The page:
A first-hand look at the award-winning trio's four new designs to debut at ICFF
by Graham Hiemstra in Design on 17 May 2013
For over five years now, NYC-based design studio Rich Brilliant Willing (RBW) has been on our radar, conceiving and debuting beautifully creative lighting, seating and table designs each year during NYC Design Week. In 2011 RBW made their ICFF debut with four products in a tiny 10' x 10' booth, for which they won Best New Designer. Now in their third consecutive year at the fair, the design trio—Theo Richardson, Charles Brill and Alexander Williams—boasts a 400 sq ft. presentation space to introduce their most ambitious product launch yet, a collection of four new designs in the lighting and table categories.
The centerpiece of the show is, without a doubt, the Gala Chandelier, a modular LED chandelier system comprised of hand-blown frosted glass bulbs—specially made for RBW in Vermont—and an elegant aluminum beam. Resembling hanging fruit, the individual bulbs can be rearranged horizontally to create a number of cluster formations. And, by using low wattage LEDs, the entire chandelier is supported with little more than suspension wire, drawing very little attention from the lighting structure itself.
The smallest addition to the RBW line is the new Monocle, a rotating mounted fixture made of milled aluminum and topped with 3D printed (by Formlabs) and acrylic lenses for ambient and directional light. Again we see RBW implement high powered LEDs to maximize light and minimize power usage. Although sitting nearly flush with the wall, the Moncole's clever design allows the base to be rotated while remaining visually stagnant. The light module itself can also be tilted to accomodate various types of lighting needs.
Although perhaps best known for their lighting, RBW has taken some strong steps in recent years to solidify their position as a comprehensive home design studio. Last year at the 2012 ICFF they introduced the Fawn Table and Cask Stool. This year RBW will introduce the Plinth table, a massive solid wood table made in Pennsylvania. Referencing—and in some ways taunting—the traditional conference table that fills corporate offices around the country, the study Plinth is big, beautiful and curvaceous.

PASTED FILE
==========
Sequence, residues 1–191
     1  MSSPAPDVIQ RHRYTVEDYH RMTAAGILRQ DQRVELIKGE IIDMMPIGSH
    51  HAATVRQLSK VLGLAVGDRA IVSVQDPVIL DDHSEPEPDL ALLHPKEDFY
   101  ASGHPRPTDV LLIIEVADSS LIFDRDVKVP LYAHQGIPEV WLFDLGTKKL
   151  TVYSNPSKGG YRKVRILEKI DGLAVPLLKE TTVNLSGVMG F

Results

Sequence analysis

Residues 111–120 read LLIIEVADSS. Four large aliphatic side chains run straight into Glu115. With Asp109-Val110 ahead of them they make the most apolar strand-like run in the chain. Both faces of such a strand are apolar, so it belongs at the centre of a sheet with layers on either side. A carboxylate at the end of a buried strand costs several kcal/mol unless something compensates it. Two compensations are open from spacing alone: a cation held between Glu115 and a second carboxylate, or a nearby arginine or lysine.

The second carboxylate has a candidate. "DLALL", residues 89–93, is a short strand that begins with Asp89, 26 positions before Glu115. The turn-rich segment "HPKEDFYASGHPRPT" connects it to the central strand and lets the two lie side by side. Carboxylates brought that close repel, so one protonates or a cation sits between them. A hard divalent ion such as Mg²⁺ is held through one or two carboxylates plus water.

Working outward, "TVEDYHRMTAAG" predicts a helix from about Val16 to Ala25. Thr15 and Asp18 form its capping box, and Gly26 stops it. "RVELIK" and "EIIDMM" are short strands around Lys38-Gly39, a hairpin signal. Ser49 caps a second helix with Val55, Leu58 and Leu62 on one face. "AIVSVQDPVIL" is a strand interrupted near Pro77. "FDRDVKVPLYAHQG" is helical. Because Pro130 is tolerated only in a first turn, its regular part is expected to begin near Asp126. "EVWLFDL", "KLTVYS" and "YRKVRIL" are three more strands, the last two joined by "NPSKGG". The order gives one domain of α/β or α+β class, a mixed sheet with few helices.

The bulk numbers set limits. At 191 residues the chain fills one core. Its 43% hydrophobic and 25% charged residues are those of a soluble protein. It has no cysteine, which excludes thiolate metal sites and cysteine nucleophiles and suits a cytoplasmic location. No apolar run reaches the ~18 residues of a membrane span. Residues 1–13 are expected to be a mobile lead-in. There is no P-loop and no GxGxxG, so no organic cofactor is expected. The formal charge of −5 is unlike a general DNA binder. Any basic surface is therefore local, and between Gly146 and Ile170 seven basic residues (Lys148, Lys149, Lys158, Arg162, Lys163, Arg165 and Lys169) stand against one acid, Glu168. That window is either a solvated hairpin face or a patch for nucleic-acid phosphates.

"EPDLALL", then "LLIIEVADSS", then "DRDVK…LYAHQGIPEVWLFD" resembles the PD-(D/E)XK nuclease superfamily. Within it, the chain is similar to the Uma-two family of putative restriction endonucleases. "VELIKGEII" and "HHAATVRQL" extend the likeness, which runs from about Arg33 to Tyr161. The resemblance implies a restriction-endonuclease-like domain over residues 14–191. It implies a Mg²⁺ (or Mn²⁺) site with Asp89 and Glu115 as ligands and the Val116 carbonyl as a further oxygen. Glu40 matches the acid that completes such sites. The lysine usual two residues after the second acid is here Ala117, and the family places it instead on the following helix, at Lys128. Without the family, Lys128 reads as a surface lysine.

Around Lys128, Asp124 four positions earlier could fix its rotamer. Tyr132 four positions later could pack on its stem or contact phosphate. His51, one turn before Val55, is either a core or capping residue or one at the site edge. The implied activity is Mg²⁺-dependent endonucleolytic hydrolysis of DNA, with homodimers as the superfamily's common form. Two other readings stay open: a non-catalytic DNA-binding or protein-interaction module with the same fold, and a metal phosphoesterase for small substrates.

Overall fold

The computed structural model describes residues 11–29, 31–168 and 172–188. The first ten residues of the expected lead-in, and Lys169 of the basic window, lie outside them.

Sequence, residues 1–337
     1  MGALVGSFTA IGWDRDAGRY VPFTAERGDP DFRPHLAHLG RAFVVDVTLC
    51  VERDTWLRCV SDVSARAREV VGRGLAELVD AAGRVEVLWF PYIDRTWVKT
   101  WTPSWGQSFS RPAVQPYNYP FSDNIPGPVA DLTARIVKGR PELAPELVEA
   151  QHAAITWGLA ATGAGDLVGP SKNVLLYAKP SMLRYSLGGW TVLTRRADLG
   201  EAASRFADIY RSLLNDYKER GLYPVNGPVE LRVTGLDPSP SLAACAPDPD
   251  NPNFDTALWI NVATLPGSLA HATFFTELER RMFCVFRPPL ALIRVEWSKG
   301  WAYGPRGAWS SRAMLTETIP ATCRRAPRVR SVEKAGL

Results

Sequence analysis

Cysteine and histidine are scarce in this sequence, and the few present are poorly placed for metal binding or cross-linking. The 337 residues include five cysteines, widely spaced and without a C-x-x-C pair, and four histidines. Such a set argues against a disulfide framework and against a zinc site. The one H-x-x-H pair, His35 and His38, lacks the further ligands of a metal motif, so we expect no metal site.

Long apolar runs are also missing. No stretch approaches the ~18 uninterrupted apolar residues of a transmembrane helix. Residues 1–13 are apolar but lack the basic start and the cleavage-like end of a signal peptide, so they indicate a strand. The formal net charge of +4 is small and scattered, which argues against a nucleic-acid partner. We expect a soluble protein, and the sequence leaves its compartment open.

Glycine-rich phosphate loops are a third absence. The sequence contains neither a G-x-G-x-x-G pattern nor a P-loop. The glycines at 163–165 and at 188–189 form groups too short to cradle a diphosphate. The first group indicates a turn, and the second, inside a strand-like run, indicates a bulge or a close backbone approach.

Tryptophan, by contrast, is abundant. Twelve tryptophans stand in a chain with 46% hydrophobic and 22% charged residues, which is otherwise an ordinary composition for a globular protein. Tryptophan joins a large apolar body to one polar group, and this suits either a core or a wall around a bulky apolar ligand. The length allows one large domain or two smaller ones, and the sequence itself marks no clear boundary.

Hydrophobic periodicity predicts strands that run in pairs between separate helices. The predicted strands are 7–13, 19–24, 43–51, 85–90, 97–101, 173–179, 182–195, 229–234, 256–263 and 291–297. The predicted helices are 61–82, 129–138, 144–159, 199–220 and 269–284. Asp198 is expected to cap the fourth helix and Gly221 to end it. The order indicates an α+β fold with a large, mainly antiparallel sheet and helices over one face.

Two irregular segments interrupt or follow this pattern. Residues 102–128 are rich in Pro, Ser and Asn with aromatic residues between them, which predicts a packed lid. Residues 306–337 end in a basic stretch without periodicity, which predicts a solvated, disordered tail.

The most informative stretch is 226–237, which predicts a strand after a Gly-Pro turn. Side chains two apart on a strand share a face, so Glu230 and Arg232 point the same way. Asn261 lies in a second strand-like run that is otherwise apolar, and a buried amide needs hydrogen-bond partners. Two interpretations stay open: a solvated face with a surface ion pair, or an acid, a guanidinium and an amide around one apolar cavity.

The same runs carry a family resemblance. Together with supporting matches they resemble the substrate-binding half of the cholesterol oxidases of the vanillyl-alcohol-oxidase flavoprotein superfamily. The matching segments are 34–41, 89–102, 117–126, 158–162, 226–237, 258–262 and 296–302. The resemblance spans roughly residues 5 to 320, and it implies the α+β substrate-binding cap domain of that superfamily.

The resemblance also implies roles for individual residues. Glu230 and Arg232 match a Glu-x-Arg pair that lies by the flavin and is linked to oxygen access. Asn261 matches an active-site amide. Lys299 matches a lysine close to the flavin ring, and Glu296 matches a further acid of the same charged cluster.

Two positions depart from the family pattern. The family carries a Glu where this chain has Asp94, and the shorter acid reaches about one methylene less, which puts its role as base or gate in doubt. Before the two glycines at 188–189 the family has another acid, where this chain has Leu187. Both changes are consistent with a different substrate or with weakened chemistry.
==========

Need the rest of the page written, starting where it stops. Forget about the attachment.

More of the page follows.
Using the same five-axis digital milling machine used to the create the Fawn table series, the Plinth can be adjusted in size and proportion with the tweak of a CAD file. "We're really interested in combining very old hand workmanship with digital manufacturing techniques. And because our interest was so strong we were looking for a way to experiment with and express that, so a series of tables in different shapes and sizes seemed like a great way to do it," Williams told us. Using American walnut, natural oak and burnt oak, the three component (one top and two legs) Plinth is formed by machine and finished by hand, achieving a strikingly consistent finish, much like a handmade surfboard.
Rounding out the 2013 addition to the RBW line is the Akoya pendant lamp, which takes its name from the Akoya variety of pearl. With a pristine parchment shade handmade in New Jersey and hand-blown frosted ivory glass bulb made in Vermont, the LED lamp is perfectly minimal, plain and simple. The beautiful basic-ness personifies the collection really—a delicate balance between machine and man-made, modern designs.
For those visiting NYC's ICFF, find Rich Brilliant Willing and their entire collection of lighting, seating and tabel designs at booth #1826. Those unable to visit the fair can find more information online directly from RBW.
Plinth images by Graham Hiemstra, all others courtesy of RBW
Brooklyn's cheeky illustrator looks to the ladies of the internet for colorful inspiration
by CH Contributor in Culture on 17 May 2013
by Gavin Lucas
Intrigued by the Tumblr-girl phenomenon—where images of girls are posted online and then endlessly reblogged on various Tumblr sites—Brooklyn-based illustrator Jon Burgerman has decided to join in. Only instead of simply reposting selected images of girls he sees on various Tumblr sites, he's been drawing them and then blogging the resulting colourful, playfully irreverent images. “I draw girls I see on Tumblr and place them back onto Tumblr. I try to post one every day,” says Burgerman of the project's simple premise.
A self-initiated (and self-explanatory) project, Burgerman's new Tumblr blog—dubbed Drawings of Girls I've Seen On Tumblr—has been up and running for a couple of weeks now and features images with titles such as "Girl Looking Tough," "Girl With Lots Of Tattoos," or "Girl With Harry Styles." He tells us, “It's a mix and flattening of a variety of images of models, [girls in] adverts, celebrities, self-taken shots, etc that all borrow the same visual language from each other and hanker for the lingering gaze of the viewer.” The idea is, he adds, that the new blog acts as a kind of “visual discussion of this cultural trend.”